However, I like very much Ceruzzi’s treatments of these heterogeneous topics as all being as important in explaining the central phenomenon. It’s nice, for instance, to see land developers treated as historical individuals with their own thinking and strategies. While it is not always easy to keep track of all the specifics on account of the organizational hurdles, if you bring a notepad and pen, you are likely to learn a lot.
For my part, I learned a great deal in one of my own areas of interest: military policy analysis. The key reason Ceruzzi told me about his book in the first place is because the Research Analysis Corporation (the successor organization to the Johns Hopkins University Army Operations Research Office, 1948-1961) was one of the first organizations to move to the area.
After about 1960, the world of military policy analysis starts to get conceptually murky, as policy analysis intersects and blends in with all kinds of contract analysis, research, and development work. Effectively, it becomes part of what I call the historiographical “20th-century problem”, wherein a whole host of organizations and efforts become important, but it becomes impossible to study one thing in particular without either pulling it out of the context of the other things around it, or, just as bad, making it out to be a stand-in for the things around it: once you’ve studied one military contractor, what else do you really need to know?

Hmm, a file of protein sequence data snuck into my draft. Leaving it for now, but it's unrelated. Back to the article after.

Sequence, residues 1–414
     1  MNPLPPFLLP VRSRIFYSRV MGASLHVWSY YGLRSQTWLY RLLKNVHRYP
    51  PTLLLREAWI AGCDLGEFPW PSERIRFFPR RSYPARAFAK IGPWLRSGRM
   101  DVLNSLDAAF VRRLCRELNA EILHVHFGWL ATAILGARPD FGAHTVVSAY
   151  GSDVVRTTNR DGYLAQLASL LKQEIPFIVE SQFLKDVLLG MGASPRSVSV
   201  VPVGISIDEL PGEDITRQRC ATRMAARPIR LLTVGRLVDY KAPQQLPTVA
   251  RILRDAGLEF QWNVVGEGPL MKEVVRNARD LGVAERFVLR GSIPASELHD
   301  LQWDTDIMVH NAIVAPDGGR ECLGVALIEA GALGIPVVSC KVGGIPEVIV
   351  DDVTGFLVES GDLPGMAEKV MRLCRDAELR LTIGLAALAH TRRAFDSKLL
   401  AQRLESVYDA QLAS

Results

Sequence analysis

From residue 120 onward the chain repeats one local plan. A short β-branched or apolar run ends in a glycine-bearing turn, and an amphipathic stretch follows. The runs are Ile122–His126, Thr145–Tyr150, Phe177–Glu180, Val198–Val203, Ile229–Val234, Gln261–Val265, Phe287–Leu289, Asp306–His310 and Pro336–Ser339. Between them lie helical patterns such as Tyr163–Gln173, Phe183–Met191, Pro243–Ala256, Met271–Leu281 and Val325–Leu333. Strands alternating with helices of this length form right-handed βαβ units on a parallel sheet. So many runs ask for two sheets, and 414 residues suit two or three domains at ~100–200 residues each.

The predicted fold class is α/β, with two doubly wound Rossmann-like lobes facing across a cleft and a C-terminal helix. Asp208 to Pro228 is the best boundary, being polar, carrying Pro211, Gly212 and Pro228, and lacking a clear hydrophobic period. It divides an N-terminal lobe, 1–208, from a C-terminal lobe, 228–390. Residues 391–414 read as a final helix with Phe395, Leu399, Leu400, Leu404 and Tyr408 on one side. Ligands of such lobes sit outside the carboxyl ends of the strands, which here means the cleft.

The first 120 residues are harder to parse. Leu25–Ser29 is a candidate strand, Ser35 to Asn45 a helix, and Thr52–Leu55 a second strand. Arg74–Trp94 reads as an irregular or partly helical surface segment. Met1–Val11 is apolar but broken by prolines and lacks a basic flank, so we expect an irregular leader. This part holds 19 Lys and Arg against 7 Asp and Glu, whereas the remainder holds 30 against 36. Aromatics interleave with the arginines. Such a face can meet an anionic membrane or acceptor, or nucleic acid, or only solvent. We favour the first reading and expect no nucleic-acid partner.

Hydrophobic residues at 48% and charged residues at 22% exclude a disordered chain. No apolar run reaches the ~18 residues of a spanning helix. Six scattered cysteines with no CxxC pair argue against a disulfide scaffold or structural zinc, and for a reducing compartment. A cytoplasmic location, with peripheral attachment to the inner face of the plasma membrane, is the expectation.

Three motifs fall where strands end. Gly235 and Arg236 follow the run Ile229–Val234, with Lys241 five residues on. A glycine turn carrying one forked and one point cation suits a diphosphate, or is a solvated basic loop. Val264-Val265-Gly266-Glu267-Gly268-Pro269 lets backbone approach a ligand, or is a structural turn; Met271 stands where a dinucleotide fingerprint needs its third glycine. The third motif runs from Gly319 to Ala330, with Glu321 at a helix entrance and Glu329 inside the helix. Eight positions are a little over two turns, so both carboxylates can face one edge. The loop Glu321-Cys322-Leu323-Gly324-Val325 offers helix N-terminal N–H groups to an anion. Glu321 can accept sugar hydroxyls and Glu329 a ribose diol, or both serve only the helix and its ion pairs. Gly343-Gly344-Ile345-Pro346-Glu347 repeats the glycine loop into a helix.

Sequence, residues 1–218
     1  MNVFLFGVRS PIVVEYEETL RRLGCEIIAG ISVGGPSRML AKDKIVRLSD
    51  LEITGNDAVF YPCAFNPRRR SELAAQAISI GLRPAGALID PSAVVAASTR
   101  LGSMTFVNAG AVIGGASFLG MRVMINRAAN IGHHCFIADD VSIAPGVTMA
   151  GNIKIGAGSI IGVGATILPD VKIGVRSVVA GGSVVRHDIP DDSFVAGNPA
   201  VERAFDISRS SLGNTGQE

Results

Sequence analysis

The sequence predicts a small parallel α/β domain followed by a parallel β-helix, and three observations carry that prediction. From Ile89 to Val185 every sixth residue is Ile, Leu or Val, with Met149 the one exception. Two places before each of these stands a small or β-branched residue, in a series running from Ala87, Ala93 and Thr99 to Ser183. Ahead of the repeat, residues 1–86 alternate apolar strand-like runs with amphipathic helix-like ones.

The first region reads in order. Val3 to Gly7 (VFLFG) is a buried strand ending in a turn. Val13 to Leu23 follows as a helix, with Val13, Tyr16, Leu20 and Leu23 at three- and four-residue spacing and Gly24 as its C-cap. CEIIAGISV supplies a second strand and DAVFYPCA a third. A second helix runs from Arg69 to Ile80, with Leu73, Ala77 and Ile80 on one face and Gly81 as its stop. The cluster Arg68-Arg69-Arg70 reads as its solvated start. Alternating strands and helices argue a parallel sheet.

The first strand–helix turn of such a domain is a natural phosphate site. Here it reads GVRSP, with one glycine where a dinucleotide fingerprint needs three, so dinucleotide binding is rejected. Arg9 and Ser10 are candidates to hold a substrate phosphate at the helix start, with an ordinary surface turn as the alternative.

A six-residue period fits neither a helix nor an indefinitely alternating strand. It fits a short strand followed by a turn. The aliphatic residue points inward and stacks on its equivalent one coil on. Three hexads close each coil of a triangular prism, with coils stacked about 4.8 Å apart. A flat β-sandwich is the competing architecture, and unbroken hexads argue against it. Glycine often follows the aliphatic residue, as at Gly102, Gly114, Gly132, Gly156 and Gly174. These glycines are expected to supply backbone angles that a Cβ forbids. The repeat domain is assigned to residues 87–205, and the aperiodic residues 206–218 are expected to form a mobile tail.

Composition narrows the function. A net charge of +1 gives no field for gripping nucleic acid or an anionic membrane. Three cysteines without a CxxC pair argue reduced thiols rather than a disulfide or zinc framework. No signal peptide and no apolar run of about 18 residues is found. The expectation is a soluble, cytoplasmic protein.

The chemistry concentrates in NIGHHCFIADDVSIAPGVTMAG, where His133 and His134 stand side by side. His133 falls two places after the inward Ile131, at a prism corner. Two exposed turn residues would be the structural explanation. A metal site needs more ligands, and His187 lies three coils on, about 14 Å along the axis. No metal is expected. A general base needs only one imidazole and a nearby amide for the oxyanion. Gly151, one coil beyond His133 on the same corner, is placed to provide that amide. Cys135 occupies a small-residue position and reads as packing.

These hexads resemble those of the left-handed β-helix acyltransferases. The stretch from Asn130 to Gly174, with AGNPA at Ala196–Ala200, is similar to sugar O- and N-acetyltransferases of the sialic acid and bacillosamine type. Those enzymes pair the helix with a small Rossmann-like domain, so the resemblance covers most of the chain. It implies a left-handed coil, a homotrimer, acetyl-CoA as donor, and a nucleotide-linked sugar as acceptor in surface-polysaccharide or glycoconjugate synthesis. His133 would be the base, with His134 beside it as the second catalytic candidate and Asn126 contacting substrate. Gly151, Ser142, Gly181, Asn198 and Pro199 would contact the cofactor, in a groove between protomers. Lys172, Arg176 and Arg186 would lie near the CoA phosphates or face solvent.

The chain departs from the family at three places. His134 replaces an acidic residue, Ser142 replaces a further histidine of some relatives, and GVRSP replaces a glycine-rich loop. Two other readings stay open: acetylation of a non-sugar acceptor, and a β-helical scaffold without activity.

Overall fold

For the Army operations analysis, specifically, historians are deeply indebted to the dry, formulaic, and supremely informative recent three-volume official histories of military historian Charles Shrader, which brings the story all the way up to 1995. Ceruzzi’s regional approach cuts the story a different way, which does not constrain the analysis to a particular organization (e.g, the Army) or specialty (e.g., operations analysis). This helps extend the story in a natural way across its messy boundaries to players such as Braddock-Dunn-McDonald (BDM), founded in New York in 1959 but moving to Virginia in the mid-1960s (chapter five). BDM specialized in the effects of nuclear radiation on missile systems. Ceruzzi goes on to discuss similar companies with at least feet in suburban Virginia, such as California Analysis Center, Inc. (CACI) and Planning Research Corporation (PRC).
(Incidentally, Braddock, Dunn, and McDonald were all physicists out of Fordham University, who had gone into academics but did side contract work before founding their own company. This offers a nice counterpoint to the elite physicists included in my ACAP resource, making its 850 biographies seem quite small.)